On a hunch that the defendant was involved in a homicide, the police searched through four trash bags at the curb of the defendant (Lyles) home.  The search revealed three marijuana stems and rolling papers as well as an envelope addressed to the defendant’s home.  Armed with this information, the officers sought and obtained a warrant to search the house for both evidence of possession of controlled substances (including intent to distribute) and money laundering.  The magistrate judge signed a search warrant that provided broad permissions to search the home and “any and all persons suspected to be involved in said illegal activities” and authorized the police to seize essentially anything in the home, including cell phones, jewelry, records, diaries, and firearms. The police subsequently found four handguns, ammunition, marijuana, and drug paraphernalia in defendant’s house.

The defendant argued that the warrant application affidavit did not provide a substantial basis to establish the probable cause required to search for the items allowed to be seized under the warrant.  The government argued that the trash pull evidence provided probable cause to search the home for marijuana possession. Therefore, the officers were lawfully inside Lyles’s home and the firearm and ammunition evidence were lawfully seized under the plain view doctrine even if the warrant was too broad. However, the Fourth Circuit ruled that the three marijuana stems discovered in the trash pull did not adequately support the warrant to search defendant’s home for marijuana possession. The court held that a trash pull revealing evidence of three marijuana stems, three empty packs of rolling papers, and a piece of mail, standing alone, did NOT justify a sweeping warrant to search a home.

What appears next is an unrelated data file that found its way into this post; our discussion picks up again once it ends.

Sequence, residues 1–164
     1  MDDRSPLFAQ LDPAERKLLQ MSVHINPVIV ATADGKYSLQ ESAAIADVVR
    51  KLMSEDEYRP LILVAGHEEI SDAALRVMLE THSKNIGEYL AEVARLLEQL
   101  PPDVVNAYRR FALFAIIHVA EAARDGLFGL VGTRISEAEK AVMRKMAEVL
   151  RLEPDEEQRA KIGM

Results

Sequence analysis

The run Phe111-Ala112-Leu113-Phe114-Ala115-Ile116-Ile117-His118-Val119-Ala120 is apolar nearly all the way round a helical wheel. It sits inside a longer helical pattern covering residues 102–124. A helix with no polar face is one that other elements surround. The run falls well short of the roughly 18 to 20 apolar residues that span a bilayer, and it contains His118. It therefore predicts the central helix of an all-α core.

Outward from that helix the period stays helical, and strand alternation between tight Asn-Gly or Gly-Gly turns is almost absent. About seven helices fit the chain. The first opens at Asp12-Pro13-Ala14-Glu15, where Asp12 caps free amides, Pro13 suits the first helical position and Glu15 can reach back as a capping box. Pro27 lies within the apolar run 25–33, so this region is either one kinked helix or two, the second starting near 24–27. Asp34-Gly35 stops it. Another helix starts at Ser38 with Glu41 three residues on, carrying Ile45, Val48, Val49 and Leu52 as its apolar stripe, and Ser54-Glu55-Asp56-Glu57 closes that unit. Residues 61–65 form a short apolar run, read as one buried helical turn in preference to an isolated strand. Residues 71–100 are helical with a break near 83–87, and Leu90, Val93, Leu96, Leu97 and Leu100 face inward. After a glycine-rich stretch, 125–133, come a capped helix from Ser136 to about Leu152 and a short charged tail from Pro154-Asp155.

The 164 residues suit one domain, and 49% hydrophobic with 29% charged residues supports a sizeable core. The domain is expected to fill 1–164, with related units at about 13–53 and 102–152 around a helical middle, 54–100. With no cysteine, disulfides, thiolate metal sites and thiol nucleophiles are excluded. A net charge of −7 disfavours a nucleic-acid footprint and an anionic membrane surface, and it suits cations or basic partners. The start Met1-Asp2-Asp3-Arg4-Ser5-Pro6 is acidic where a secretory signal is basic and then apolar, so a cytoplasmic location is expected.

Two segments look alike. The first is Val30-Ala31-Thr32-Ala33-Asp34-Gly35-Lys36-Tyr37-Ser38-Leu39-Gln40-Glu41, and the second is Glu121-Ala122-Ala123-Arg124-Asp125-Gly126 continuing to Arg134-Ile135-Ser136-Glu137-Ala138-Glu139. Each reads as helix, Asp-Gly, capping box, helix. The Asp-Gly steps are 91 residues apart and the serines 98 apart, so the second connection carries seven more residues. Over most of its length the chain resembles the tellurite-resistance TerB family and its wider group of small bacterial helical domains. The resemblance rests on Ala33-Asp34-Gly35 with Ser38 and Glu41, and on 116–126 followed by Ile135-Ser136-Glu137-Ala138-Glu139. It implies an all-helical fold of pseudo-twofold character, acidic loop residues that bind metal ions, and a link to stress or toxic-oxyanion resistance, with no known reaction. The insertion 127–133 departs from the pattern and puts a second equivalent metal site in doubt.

Furthermore, the court declined to apply the Good Faith Exception and affirmed the District Court’s ruling granting the motion to dismiss:

Leon’s standard is ultimately an “objective” one. And objectively speaking, what transpired here is not acceptable. What we have before us is a flimsy trash pull that produced scant evidence of a marginal offense but that nonetheless served to justify the indiscriminate rummaging through a household. Law enforcement can do better. The judgment is AFFIRMED

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